Instead, the evening before, with reportedly some taped matches, will highlight the mega event. No pyro, no fans, and matches scrapped. Pro wrestlers are making the adjustments and it will be similar to a rehearsal or audition they have experienced before gaining their stardom to the top.
We are in this together. And, said here again, sports are not the priority here as much as the world of fun and games would be a diversion from this crisis that confronts our world and nation.
So without sports, there are some options as we continue to isolate in our homes. This past week, in between some writing and dealing with the isolation, there were some good options to get your fix.
Sports books, the classic events and movies to pass the time are becoming a norm. Though there is nothing better than viewing a live event, and we could be without that for the next few months, .
Any hope for the start of the 2020 season is not anytime soon. The hope, as can be determined, MLB season openers are on hold at least to June.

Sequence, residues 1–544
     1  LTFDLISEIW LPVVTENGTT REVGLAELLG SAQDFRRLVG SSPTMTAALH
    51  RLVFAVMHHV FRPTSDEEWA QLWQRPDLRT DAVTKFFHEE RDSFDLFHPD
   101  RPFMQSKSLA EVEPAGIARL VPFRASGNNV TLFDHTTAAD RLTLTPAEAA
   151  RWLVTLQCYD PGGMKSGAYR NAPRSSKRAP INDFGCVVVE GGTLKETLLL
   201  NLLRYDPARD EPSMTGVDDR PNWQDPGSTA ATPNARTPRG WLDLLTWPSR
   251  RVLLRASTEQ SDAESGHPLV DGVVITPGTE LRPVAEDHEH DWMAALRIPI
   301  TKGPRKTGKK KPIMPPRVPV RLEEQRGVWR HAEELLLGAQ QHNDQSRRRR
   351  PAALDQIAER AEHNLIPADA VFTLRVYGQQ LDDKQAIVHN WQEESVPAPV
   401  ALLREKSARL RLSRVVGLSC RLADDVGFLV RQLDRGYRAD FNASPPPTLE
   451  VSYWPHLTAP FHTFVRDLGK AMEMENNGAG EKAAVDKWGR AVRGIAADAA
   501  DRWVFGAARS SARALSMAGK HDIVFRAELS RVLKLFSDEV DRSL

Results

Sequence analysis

And that is being optimistic, all depending of course on how long the Coronavirus Pandemic abates. Talking to numerous sports personnel over the past few days, and the overall opinion is MLB and other leagues will await the first move of the NBA when it comes to resuming their schedule.
Why the NBA? The National Basketball Association was the first to shut down and seem to be at the forefront of taking control. Other sports leagues will follow their path.
In addition, with the 2020 MLB season, players would need another two-week spring training period for conditioning and the schedule would need a major readjustment. That means doubleheaders that are rare on a schedule and a shortened season which are not the norm.
Again, that is speculation as we go day-by-day with this crisis and hope for the best.
Pitchers were at the point of throwing at speeds where they should be. The hitters, always behind the pitchers, they will need more time to catch up and that is usually the case during a normal spring training period..
Let’s say 81 games or fewer, instead of a regular 162-game slate and no All–Star game. Players would get paid when the season begins.
Now, as understood, the MLBPA and owners are working out details of the specifics as to their contracts and payment and pertaining to details about pay scales in cases such as a national state of emergency.